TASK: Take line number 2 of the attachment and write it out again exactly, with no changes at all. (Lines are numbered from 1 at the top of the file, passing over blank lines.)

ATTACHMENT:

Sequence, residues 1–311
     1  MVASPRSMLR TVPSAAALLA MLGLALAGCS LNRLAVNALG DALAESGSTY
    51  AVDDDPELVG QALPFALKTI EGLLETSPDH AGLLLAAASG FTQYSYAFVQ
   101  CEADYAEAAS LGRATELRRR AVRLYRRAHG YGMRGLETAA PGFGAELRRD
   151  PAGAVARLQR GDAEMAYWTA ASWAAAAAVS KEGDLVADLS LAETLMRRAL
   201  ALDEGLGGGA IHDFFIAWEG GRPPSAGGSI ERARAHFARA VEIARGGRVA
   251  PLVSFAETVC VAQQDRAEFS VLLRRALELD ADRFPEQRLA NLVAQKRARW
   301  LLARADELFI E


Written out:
     1  MVASPRSMLR TVPSAAALLA MLGLALAGCS LNRLAVNALG DALAESGSTY